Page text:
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I currently have a job, but am actively looking for a new one. I have a criminal record (several misdemeanors for marijuana and alcohol, which occurred over 2 years ago). In the past, I have had 2 job offers rescinded because of this. One such offer was from a consulting firm that worked with government agencies, another was one that worked heavily with financial institutions.

As a result of this, I have only been applying for jobs that do not deal with any government agencies, do not require a security clearance, and any companies that may do extensive background checks (e.g. medical facilities, financial institutions, large corporations, etc.). I mostly apply to small, privately owned companies now. The company I work for now did not do a background check, or they may have done one and overlooked my charges (which I think is doubtful).

Here is my predicament: If I do get an offer, there is a high possibility that it will be contingent on a background check.

If I accept the new job and put in my two weeks notice at my current job, there is a chance that the offer will be rescinded once the background check is completed and the new company discovers my criminal record. I will then be left without a job for possibly months.

However, if I wait until the very last minute to ensure that the new employer either doesn't do a background check, or is willing to look past the charges, I will not give my current employer any notice, and will burn this bridge. I have three people at work that could be very useful as references.

What am I supposed to do in this situation? It seems like both options are not ideal. I've always been told to follow a "don't ask, don't tell" policy with things like this, since there is a chance an employer may not find out about my charges (due to error on their end, or either not running a background check at all).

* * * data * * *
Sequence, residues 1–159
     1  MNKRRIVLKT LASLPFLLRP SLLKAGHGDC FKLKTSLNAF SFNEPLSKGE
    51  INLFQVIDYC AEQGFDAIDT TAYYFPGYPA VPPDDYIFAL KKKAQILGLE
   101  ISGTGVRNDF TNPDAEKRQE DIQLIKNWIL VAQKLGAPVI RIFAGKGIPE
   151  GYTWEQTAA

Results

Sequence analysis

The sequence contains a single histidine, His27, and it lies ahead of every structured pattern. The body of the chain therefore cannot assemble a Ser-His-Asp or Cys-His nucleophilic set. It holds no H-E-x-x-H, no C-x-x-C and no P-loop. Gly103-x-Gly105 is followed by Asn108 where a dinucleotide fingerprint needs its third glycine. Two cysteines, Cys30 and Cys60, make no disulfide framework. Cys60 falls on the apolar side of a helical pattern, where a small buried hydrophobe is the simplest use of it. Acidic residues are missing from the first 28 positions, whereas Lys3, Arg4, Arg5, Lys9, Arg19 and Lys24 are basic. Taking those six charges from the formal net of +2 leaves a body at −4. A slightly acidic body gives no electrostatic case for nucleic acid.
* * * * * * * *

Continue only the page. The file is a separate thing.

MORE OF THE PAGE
Does being upfront about this ever help in these types of situations? I have read up a little bit on this, and some people are saying do not give notice until the background check is complete and everything is finalized. But wouldn't that arouse suspicion on the new employer's end of things? Is there any scenario where I can give 2 weeks notice without having to risk being unemployed?

Also, I work as a software developer. I am not looking for your moral opinion on drug / alcohol abuse. I am currently in treatment and have abstained for 6 months now.

Thanks for any advice.

Edit: I realize this is question is somewhat similar to the other post that is mentioned, I apologize for that. I did find some useful information there, however, given that in my scenario there is a red flag likely to come up on my background check, how should I handle it? Should I tell the employer they are going to find something?

marked as duplicate by gnat, scaaahu, Cronax, Dukeling, Draken Jan 26 '18 at 11:49

This question has been asked before and already has an answer. If those answers do not fully address your question, please ask a new question.

  • Some useful information here about this type of scenario, but I have added something to this post specific to mine – user127815 Jan 26 '18 at 11:33
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What am I supposed to do in this situation? It seems like both options are not ideal. I've always been told to follow a "don't ask, don't tell" policy with things like this, since there is a chance an employer may not find out about my charges (due to error on their end, or either not running a background check at all).

Outside of applying for a Pardon that seems like your only option.

Does being upfront about this ever help in these types of situations?

It might help if you were a Councilor for parolees, in a non-governmental organization.

I have read up a little bit on this, and some people are saying do not give notice until the background check is complete and everything is finalized.

That, or say you need 3 weeks whilst your employer only wants 2 weeks.

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